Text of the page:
How the Elm Street House Became a Bonafide Dream Home [Horror Reel Estate]
The iconic home has had quite a history in Hollywood.
Horror Reel Estate takes a look at the infamous locations found in some of your favorite horror movies, old and new. It serves as a handy real estate guide, a crash course in architecture, and a one-stop reference for interesting facts about these now-iconic landmarks. Even if you’re not quite ready to make an offer, these places will always take up valuable space within the confines of our cherished movie memories.
Kicking down the door first, today’s Horror Reel Estate entry takes a tour of the original Elm Street house. Located at the fictional address of 1428 Elm Street in Springfield, Ohio, in actuality, the property can be found at 1428 North Genesee Avenue in Los Angeles, California. Most horror fans already know that. Many of us have taken our own pilgrimage out to the home to pose outside its instantly recognizable entryway.
Just before Halloween of this year, the Elm Street house was suddenly in the spotlight again when the property came back onto the housing market for a stately $3.2 million. As you may recall from recent reports, Hustlers director Lorene Scafaria is the current owner. She purchased the home back in 2013 for $2.1 million. All offers had to be in by midnight on October 31st. But apparently, Nancy Thompson’s high school home isn’t in escrow just yet.
No official news about a new buyer has been reported so far. However, TMZ caught up with Robert Englund at LAX airport the other day. They asked the original Freddy Krueger who he thought should be the new owners. “Maybe Jason or Pinhead,” Englund told cameras. “Keep it in the family.” Although some scenes in Freddy’s Revenge were filmed on Genesee Avenue, Englund and actress Heather Langenkamp only filmed scenes in one of the upstairs bedrooms that doubled for Nancy’s room. Still, Englund has maintained a strong attachment to the property. If the house is ever featured on a makeover show, he suggested “Real Housewives of Hell” as a possible title.
The original dream master was nowhere to be found during the open house. But property agents Heather Roy and Learka Bosnak did have their own Freddy posing for photos in the newly remodeled bathtub. While the original Dutch Colonial facade has been faithfully restored, the entire property has been completely redone. The main house is listed as a 3-bedroom, 3.5-bathroom, 2-story with a separate guest house nestled in the backyard. Lined with walnut floors leading to “a grand primary suite” with “multiple work-from-home options,” the new and improved Elm Street house is repped by the L.A. property gurus over at Douglas Elliman. Its 2,700 square feet of ideal indoor-outdoor Cali living has now been on the market for sixteen days. The entire property comes in at approximately 6,752-square-feet and even has a solar-heated pool.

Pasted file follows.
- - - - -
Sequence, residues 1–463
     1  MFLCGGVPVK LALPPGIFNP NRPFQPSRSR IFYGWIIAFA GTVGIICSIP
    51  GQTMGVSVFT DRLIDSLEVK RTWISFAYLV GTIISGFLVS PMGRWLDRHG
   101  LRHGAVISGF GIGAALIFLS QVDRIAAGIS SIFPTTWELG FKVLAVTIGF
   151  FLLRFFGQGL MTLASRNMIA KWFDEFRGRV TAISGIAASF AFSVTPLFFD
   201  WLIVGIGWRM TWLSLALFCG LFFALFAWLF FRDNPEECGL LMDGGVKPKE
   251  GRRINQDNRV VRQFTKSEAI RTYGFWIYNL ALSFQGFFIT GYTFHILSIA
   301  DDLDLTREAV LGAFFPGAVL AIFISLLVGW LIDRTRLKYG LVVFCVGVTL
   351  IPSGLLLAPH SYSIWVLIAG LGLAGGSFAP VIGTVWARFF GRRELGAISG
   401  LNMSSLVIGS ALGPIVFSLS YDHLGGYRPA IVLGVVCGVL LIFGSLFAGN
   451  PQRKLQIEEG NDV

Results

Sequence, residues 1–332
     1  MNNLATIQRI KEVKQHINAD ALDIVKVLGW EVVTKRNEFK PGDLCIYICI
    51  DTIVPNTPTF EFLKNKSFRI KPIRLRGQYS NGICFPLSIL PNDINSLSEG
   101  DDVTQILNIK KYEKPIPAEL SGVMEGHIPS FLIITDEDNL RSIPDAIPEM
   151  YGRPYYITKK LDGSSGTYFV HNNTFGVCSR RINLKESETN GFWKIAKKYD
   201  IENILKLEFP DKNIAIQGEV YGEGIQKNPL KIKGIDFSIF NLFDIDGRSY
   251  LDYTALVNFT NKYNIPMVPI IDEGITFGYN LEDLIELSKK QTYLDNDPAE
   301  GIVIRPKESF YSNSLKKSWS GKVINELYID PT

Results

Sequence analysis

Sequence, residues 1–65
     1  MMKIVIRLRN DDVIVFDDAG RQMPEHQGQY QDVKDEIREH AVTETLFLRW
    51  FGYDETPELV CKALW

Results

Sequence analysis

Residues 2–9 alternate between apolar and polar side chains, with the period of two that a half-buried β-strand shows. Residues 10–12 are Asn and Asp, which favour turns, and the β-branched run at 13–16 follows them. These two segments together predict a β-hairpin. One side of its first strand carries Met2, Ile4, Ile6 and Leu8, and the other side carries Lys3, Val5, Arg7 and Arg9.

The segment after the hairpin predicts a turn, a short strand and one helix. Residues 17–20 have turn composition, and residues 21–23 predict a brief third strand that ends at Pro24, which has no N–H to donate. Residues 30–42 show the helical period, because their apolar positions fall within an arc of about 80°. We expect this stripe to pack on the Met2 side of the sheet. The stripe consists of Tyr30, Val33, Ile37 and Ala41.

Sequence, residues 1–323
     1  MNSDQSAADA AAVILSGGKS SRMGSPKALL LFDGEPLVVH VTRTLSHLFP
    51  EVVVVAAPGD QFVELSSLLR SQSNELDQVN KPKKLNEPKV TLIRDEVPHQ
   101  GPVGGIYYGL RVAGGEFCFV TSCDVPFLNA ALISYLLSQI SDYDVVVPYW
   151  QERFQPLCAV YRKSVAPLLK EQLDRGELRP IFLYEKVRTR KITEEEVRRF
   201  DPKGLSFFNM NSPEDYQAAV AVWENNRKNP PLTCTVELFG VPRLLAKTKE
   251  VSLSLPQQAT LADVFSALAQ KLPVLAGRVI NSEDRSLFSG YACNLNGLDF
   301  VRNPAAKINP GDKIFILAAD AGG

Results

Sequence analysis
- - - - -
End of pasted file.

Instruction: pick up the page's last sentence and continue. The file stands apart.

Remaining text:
Now that there’s a Whole Foods and an Orangetheory in the historic neighborhood of Spaulding Square, the entire area probably looks a lot different than it did back when Englund would park out front of the house to go and pay his union fees for the Screen Actors Guild. Today, it’s about a twelve-minute drive on Fairfax from 1428 N. Genesee to the SAG-AFTRA headquarters on Wilshire Boulevard.
The original Dutch Colonial house was built in 1919 during a massive boom of residential development once all of the major motion picture companies made the move out west from New York to Hollywood. Named after California architect Albert Starr Spaulding, the eight-block area where 1428 N. Genesee Avenue resides was a big part of that history. According to an article about L.A. architecture from Ruby Home, most of the early homeowners there were silent film stars and directors. Spaulding’s big construction boom between 1916 and 1926 came to a screeching halt when the stock market crashed in 1929.
For any Elm Street kids that pulled up to the property for a picture prior to the mid-2000s, you were probably a little sad seeing how dilapidated the grounds had become. Strangely during that time, the exterior began to resemble the wholly condemned and abandoned look that haunted Kristen Parker in A Nightmare on Elm Street 3: Dream Warriors. That version of the Elm Street house became iconic as well and maybe just as ingrained in the imaginations of horror fans as the blue-doored home in the original.
Luckily, a woman named Annie Hill bought the property in 2008 and saved it from further decay. Hill bought the property for $1.1 million. This time, she painted the front door red (the color most fans remember from the sequels). Adding the signature selling points found at the property today, Hill was probably required to keep the exterior the same for historical accuracy. But we’re still thankful.
Are you happy that the Elm Street house is still up for grabs, at least for now? Let me know on Twitter via DrewSTinnin. You can also let your voice be heard in the comments below or on Facebook, Twitter, or Instagram! Dread Central is now on Google News!